Freeside Atlanta: A Maker’s Dream Space
A Dickies Maker Story
Meet Freeside Atlanta, A Playground for Makers
This is a makers paradise that creatives everywhere dream about. An incredible space called Freeside Atlanta, established in 2009 as a nonprofit makerspace that has been built entirely by volunteers. One of those volunteers, members and makers is fabricator Dominic Ryder.
“Freeside Atlanta is a maker space in the city that I do work at, am a member of and help operate. We are the largest and oldest maker space in the city of Atlanta”
As a community, Freeside has built out their space with tools and equipment for electronics, 3D printing, woodworking, metalworking, art, design, classes, and events. And remarkably, everything in their space was donated or built by volunteers and supporters, also known as Freesiders. Freesiders are people like Dominic who have always had a knack for creating and learning new skills.
“I’ve been making stuff and taking things apart for fun my whole life. My dad had a woodshop in the basement and that’s kind of where I started. When I moved to Atlanta, I was looking for a place to work on personal projects and that’s how I found Freeside.”
And Dominic has fit right in at a place dedicated exclusively to tinkerers and hobbyists to talk shop and compare notes. They describe the space as an unbounded blank canvas for creation, where ideas can be put to the test, and the stuff of legends cast in the forge of blood, sweat and tears. But if that seems a bit much for you, there’s always tablespace to just work on your soldering skills. It's up to the participant to create and define what the space ultimately becomes.
“Right now, one of the major projects I’m working on personally is the improvement and build out of the space itself. We just moved to a new location, in a larger space that’s more open that will allow us to do more of what we’re always trying to do which is offer resources to the community for access to the tools we have here, which are extensive.”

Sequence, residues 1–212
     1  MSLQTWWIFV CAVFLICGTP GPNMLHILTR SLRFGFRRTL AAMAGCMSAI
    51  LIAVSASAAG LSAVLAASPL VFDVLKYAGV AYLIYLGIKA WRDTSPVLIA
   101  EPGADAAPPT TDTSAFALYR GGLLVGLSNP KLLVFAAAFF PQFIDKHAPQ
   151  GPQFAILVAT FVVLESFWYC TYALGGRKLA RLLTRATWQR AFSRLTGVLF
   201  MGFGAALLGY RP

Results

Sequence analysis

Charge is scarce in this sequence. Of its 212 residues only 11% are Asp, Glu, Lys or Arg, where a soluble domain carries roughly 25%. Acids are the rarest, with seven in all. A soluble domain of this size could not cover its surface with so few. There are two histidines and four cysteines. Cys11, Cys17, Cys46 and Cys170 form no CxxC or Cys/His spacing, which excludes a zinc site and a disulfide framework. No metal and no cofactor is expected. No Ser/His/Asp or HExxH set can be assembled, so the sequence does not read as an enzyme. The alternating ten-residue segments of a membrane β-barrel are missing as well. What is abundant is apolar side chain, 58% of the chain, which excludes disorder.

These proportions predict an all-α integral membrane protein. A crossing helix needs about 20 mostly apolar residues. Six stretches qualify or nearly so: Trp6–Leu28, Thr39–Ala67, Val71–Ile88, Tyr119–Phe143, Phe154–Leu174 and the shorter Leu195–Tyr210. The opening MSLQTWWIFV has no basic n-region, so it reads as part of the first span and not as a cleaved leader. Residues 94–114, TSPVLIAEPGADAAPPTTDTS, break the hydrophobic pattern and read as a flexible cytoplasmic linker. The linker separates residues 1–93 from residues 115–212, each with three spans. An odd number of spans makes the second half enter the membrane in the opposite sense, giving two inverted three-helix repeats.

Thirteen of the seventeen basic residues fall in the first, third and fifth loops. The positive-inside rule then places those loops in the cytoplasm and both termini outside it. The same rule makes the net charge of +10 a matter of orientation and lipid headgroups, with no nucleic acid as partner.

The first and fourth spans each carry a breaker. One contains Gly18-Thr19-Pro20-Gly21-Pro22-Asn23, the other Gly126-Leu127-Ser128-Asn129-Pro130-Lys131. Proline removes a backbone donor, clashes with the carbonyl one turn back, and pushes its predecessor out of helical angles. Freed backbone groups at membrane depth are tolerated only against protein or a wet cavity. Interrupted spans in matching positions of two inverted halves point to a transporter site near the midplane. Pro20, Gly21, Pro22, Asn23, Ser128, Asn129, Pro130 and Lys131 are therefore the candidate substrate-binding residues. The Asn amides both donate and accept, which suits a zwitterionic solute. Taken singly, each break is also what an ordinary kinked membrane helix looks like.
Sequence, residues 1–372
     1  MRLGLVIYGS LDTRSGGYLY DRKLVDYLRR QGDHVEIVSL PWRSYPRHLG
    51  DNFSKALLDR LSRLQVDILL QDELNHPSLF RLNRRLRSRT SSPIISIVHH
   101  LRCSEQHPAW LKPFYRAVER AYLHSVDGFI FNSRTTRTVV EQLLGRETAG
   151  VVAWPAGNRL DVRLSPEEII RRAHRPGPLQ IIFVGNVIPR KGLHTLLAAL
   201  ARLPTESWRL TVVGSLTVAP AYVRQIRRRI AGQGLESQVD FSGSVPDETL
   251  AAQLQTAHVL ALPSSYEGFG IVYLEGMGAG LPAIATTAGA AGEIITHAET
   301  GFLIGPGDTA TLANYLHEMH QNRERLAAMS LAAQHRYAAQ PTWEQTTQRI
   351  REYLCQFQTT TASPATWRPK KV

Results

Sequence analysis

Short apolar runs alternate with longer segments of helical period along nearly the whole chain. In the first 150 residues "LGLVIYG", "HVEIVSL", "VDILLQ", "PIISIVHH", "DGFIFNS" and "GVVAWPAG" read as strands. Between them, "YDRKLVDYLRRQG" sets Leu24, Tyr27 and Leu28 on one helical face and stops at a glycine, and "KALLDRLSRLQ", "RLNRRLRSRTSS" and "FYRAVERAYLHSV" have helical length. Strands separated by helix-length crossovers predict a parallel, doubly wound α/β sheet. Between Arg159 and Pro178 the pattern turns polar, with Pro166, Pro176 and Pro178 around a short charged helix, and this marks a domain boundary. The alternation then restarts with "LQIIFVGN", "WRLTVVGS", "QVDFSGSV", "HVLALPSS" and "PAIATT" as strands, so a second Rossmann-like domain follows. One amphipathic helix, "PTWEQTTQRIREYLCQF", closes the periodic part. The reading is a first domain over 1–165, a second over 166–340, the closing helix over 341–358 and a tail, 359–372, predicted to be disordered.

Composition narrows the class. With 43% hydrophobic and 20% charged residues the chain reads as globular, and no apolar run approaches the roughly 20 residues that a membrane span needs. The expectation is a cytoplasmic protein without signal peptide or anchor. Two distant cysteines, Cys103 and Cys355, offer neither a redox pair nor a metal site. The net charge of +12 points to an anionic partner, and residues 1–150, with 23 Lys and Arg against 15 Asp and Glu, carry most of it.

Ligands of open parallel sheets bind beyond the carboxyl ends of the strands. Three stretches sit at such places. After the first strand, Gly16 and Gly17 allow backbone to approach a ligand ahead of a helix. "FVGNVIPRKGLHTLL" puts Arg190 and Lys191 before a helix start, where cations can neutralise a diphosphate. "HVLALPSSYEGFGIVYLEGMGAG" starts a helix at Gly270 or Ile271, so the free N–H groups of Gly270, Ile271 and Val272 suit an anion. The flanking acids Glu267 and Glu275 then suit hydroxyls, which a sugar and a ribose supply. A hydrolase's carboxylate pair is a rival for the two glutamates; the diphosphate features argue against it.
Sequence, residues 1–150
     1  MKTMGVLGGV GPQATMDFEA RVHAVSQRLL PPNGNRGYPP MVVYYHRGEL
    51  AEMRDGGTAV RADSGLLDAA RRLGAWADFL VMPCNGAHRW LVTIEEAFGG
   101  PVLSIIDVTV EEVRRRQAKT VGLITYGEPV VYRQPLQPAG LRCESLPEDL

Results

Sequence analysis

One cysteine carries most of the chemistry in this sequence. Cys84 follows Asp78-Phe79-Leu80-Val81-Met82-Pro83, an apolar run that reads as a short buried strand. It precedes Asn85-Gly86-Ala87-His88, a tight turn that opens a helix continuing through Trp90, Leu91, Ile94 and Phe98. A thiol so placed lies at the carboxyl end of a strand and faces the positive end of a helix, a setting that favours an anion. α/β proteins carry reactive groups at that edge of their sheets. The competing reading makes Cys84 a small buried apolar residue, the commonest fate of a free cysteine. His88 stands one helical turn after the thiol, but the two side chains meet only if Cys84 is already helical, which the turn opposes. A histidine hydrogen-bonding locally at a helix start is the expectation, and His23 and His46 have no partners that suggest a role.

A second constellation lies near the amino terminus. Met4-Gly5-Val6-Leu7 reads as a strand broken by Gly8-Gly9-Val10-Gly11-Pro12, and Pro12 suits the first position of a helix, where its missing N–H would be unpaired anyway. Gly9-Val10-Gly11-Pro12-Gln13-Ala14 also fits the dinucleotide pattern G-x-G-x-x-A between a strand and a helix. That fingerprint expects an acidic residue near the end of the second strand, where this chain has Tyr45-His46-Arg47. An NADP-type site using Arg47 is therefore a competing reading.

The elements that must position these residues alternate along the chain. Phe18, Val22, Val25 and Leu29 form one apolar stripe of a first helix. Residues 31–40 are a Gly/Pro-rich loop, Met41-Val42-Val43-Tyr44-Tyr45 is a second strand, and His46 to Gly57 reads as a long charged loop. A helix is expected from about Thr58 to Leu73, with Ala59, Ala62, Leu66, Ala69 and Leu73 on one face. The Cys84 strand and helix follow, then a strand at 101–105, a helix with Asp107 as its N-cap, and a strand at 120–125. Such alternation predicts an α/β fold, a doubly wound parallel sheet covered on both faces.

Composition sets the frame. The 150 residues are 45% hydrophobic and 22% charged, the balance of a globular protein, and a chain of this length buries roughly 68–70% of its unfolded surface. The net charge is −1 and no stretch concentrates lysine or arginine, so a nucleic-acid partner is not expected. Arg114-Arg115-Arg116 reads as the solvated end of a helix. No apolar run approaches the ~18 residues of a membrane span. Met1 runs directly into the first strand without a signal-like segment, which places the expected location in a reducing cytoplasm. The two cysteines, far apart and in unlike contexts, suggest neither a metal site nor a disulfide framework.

Freeside considers itself a “hackerspace”, which means that they’re always looking for ways to improve and “hack” the environment as the work and technology evolves. Whether that means new furniture, storage space, workstations, lighting, and rooms, they are always looking for ways to improve their space. In a time when most people are conditioned to growing up, learning, living, and working in environments that have been created for them from the top down, Freeside completely inverts this social construct, and instead empowers their members to create their own environment.
“Currently I have two essentially parallel occupations, one is in music, playing and teaching and then I also work in fabrication. This is where I also started playing with metal work, welding and things like that. And here at Freeside I’ve also picked up some additional skills in machining, CAD modeling and got a whole lot better at welding.”
Freeside members engage in amazing projects and take pride in sharing their knowledge with the community. They develop and work with open source and free technology wherever possible, and release project creations under variants of the Creative Commons license. They also offer classes to the community, even if they are not members.
“With the resources here you can essentially build almost anything you can put your mind to. We have basically anything you can think of. And then also offering education to the community through classes we offer, as well the collective knowledge of the space, which is frankly astonishing, and part of why I’m so excited to keep building it as we are right now.”
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